Six Suburban Schools in Md. To Be 'Reconstituted'
The superintendent of a suburban Maryland school system will dramatically reorganize six schools and strip them of their staffs this summer in hopes of jump-starting their flagging academic performance.
Jerome Clark, the superintendent of the Prince George's County schools, told the entire staffs--from principals to custodians--of two middle and four elementary schools last week that they will have to reapply for their jobs by June 20 if they want to return in September.
While such reorganizations of poorly performing schools--often known as reconstitution--are not uncommon in urban districts, one education expert said this may be the first time a suburban school system has embarked on such a far-reaching overhaul.
"I've never heard of anything in the suburbs that in any way mirrored what the cities have been doing, until now," said Michael Casserly, the executive director of the Council of the Great City Schools, a Washington group that represents large urban districts.
Prince George's officials said they wanted to intervene at the six targeted schools before the state did. All six have a high percentage of poor students and fewer credentialed teachers than other district schools.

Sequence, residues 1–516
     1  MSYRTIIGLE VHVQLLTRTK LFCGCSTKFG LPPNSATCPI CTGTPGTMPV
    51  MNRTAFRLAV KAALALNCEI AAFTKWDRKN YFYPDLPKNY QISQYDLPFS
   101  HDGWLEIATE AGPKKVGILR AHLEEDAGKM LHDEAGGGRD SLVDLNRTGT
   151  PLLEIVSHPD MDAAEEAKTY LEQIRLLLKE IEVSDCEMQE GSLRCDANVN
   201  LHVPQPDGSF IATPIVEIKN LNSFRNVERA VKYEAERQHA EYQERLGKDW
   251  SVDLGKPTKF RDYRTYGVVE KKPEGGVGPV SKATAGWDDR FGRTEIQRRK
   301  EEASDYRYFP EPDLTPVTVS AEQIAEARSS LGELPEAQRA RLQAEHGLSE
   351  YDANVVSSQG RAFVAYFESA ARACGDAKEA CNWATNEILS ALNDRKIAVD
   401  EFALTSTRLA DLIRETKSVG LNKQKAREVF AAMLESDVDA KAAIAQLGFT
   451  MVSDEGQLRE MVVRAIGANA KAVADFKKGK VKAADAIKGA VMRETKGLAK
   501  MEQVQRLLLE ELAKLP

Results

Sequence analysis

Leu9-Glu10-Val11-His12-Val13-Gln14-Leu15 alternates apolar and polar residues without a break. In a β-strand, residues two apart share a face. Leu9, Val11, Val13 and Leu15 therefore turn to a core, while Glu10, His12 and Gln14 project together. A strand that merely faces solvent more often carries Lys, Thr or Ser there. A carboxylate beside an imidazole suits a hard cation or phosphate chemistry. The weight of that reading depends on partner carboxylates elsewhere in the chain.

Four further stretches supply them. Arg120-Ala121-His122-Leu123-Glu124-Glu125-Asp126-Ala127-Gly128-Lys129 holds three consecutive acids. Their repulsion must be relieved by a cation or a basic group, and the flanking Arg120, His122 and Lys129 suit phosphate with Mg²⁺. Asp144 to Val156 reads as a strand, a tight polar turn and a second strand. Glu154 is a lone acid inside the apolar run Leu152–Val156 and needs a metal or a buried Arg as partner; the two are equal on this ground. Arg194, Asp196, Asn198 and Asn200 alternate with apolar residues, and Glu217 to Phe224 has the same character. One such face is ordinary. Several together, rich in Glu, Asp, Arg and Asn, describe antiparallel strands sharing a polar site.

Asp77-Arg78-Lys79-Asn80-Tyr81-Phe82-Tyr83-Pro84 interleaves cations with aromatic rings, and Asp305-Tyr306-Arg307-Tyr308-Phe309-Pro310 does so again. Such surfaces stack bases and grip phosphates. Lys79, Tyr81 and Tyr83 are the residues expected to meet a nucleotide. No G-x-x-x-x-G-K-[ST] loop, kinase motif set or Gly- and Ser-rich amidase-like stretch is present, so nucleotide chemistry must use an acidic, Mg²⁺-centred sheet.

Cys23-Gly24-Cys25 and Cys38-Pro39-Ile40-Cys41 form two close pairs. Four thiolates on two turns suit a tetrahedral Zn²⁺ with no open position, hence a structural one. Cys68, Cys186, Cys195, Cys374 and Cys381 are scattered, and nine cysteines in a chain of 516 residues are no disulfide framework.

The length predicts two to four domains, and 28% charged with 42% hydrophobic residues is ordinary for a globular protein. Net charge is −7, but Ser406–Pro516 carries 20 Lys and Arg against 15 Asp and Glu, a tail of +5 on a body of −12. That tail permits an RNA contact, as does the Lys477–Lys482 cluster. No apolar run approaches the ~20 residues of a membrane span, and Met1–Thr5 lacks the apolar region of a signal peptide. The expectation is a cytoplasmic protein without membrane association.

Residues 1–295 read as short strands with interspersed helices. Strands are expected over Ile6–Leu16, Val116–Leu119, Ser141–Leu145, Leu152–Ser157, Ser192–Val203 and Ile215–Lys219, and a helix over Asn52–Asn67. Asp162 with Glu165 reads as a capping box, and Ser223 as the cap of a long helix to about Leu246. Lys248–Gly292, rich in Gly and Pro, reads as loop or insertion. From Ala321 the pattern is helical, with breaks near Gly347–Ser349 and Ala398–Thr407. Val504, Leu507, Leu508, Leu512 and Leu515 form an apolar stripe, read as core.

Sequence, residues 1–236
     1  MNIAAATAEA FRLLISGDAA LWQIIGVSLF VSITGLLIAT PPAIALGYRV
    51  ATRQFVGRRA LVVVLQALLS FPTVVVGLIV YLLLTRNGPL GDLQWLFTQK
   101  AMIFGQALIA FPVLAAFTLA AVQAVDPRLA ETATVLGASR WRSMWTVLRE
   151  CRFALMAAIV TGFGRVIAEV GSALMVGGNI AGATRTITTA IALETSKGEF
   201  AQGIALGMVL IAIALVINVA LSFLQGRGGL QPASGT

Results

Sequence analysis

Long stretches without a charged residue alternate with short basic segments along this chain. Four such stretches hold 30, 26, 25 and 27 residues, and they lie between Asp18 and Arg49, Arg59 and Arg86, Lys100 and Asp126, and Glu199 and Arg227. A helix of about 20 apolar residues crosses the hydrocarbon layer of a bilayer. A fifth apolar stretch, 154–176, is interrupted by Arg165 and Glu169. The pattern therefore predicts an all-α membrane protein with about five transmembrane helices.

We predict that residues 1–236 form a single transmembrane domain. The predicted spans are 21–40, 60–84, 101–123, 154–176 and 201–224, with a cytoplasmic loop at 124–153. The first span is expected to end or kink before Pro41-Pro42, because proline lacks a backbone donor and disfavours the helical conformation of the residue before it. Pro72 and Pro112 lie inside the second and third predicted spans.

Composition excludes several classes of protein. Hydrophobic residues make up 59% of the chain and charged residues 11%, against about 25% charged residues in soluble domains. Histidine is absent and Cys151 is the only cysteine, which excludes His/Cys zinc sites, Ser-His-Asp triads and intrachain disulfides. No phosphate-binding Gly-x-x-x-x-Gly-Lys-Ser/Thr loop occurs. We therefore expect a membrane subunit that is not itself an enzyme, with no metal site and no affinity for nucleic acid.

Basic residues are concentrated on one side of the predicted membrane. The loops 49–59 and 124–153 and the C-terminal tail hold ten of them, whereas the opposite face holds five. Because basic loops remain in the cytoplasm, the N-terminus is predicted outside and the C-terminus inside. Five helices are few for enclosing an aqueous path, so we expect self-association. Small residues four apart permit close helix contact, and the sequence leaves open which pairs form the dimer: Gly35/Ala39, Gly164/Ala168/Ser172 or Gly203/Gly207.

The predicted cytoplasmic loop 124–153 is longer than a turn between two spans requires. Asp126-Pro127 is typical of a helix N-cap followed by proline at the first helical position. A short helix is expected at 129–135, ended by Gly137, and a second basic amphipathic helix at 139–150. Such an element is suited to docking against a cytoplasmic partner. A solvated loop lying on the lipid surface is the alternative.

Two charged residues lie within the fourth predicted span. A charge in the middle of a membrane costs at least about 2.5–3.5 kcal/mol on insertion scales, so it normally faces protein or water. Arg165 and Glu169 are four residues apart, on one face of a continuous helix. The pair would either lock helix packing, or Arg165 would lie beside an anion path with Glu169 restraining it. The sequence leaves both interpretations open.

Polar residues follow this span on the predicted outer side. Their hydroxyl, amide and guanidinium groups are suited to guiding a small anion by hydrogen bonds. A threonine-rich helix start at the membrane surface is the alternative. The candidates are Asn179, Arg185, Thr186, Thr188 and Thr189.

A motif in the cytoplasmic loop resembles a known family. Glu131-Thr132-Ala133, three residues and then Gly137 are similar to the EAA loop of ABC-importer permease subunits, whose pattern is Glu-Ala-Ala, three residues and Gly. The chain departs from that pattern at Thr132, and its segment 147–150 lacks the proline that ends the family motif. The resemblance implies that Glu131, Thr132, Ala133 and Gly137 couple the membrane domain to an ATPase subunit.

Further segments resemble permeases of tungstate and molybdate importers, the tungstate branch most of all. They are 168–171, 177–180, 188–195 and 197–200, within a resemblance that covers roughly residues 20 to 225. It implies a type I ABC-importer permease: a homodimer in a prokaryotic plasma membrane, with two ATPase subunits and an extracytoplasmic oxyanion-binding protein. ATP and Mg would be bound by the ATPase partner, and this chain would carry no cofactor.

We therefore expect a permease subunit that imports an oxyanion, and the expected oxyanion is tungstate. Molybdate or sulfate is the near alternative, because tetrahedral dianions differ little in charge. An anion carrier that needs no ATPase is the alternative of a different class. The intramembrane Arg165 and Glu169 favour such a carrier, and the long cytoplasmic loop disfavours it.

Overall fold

"These six schools are far from the standard and are losing ground, so it's a matter of stepping in and doing the things that need to be done instead of somebody doing it for us," said Christopher Cason, a spokesman for the 125,000-student district, which borders Washington.
In the past few years, Maryland education officials have identified 52 schools that are eligible to be reconstituted by the state for failing to meet academic-performance targets. While Prince George's students score next to last in the state on student assessments--with only 25 percent of students scoring satisfactorily--no Prince George's schools have been slated for reconstitution yet, state education officials said.
Prince George's officials said last week they were still debating where to place employees of the six schools who are not retained in their current positions. No one will be fired, only reassigned, Mr. Cason said.